“I’ll tell you this,” she said. “If the secretary were opening it and photocopying it and sticking it in her briefcase and taking it home, I’d have a real problem with that secretary.”
If Not Here, Where?
That the FBI is looking to squelch private email services doesn’t bode well for the already-tarnished reputation of U.S. tech companies, which took much heat for reportedly complying with the Prism program despite their denials to the contrary. European firms are seeing the scandal as an opportunity to gain a competitive advantage, with hopes that such initiatives as “Cloud Services Made In Germany” and the “Sovereign Cloud” project in France could lure customers away from snooping U.S. spies. But Stepanovich said such ambitions may not be so easy to realize.
“You also have to ask yourself if you trust [European] governments as well,” she said. “The U.K., for example, has been coming out against any revelations about their own surveillance activities.”
Castro agrees, saying it will be an uphill climb for any one country to establish itself as being fundamentally different from the U.S. in terms of national security and domestic surveillance.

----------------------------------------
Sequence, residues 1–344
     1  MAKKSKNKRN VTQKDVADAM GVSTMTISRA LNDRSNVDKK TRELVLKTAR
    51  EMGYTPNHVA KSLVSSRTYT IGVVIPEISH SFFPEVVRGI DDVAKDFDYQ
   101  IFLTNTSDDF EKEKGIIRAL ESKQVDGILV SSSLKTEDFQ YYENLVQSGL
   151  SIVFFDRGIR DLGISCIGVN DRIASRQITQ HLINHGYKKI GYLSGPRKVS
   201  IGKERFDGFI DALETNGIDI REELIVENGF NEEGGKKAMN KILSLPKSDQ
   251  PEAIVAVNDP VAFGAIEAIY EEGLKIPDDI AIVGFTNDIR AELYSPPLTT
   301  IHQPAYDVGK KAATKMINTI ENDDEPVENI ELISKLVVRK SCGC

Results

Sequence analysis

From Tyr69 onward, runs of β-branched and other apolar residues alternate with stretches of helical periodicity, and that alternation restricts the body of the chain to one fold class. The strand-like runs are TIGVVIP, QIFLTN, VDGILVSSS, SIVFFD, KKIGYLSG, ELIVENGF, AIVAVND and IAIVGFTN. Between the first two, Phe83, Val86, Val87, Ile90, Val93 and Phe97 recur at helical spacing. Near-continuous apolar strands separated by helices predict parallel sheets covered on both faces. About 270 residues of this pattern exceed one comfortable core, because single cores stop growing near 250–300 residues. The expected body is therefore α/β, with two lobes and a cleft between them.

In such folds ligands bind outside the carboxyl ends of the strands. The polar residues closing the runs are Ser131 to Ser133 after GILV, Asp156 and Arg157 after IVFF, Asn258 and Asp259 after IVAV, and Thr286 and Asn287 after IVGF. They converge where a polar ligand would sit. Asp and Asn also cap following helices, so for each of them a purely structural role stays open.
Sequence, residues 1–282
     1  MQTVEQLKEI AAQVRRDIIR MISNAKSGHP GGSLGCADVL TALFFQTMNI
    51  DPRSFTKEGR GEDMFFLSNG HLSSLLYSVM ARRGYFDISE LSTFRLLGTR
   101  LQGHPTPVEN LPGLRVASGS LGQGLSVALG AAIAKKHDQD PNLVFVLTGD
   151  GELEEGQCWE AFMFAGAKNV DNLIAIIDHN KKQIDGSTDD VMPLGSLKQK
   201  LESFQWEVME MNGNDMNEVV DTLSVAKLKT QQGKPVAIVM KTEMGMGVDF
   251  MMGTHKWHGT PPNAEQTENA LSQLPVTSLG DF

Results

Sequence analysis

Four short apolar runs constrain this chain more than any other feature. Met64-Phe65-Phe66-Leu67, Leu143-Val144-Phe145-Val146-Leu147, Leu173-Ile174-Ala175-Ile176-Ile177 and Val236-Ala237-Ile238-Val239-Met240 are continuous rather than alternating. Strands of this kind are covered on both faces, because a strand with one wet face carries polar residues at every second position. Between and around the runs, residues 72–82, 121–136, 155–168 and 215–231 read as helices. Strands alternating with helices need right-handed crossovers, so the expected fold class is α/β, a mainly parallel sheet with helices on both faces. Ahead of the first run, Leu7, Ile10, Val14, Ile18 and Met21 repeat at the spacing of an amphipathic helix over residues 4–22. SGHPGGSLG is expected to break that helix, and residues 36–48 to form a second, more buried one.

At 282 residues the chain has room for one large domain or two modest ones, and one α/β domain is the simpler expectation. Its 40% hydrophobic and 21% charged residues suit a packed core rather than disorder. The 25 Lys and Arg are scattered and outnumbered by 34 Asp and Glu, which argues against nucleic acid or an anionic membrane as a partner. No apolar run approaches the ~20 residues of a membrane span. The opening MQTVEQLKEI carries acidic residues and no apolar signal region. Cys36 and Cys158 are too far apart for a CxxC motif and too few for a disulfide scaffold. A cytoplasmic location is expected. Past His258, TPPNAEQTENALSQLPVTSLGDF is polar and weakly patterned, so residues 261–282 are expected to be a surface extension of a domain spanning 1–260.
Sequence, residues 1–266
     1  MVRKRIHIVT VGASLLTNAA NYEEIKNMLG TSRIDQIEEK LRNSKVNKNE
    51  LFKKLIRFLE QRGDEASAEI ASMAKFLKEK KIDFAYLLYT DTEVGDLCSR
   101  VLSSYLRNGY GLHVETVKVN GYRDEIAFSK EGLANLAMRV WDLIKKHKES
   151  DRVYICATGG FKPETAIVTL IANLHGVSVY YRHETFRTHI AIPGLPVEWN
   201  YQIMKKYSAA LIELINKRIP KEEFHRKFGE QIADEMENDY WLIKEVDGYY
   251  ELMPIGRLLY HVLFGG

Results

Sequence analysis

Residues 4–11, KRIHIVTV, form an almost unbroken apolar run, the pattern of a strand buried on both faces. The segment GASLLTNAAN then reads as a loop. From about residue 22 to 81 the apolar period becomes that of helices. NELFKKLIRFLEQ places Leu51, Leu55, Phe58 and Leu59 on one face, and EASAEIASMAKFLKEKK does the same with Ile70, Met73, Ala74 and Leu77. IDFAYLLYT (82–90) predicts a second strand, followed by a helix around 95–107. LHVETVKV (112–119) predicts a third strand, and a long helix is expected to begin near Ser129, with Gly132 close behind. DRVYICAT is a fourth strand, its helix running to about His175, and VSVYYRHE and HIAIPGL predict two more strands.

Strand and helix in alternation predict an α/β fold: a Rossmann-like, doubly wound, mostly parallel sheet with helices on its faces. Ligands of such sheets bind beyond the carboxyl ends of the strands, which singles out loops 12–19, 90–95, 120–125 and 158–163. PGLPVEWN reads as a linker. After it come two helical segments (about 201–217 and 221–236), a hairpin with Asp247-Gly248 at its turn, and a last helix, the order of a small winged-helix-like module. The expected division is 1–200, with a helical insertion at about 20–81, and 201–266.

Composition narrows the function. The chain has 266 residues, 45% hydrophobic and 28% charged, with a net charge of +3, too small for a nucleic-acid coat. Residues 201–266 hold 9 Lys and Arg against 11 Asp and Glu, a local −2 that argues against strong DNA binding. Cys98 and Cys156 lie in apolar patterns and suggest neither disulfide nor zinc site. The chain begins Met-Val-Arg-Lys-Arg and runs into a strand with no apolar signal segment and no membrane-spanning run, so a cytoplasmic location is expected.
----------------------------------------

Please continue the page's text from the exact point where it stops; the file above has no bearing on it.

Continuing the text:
“The question becomes: Will one country emerge as the digital Switzerland or the digital Cayman Islands?” he said. “Will they set up a regulatory regime that is specifically intended to give their country a domestic advantage for cloud computing?”
But just the possibility that the U.S. could lose its cloud-computing dominance should concern lawmakers far more than it seems to be, Castro said. One reason he released the ITIF report on the potential economic effects of Prism was to spark a conversation that he believed not enough people are having. (He said President Obama fell short during a recent speech in which he vowed surveillance reform.) Sure, we’ve heard plenty about privacy, our civil rights and debates over the Fourth Amendment. But to echo James Carville’s famous dictum, “It’s the economy, stupid.” The problem is, few people realize the extent to which snooping and the economy are linked, which is a blind spot evident in the much-publicized NSA slides that Snowden leaked to the Washington Post. According to one of those slides, operating costs for the Prism program are just $20 million a year.
“Ridiculous,” Castro said. “It just reflects a complete failure on the policy side of this, a cost-benefit analysis that ignores this whole column of economic consequences.”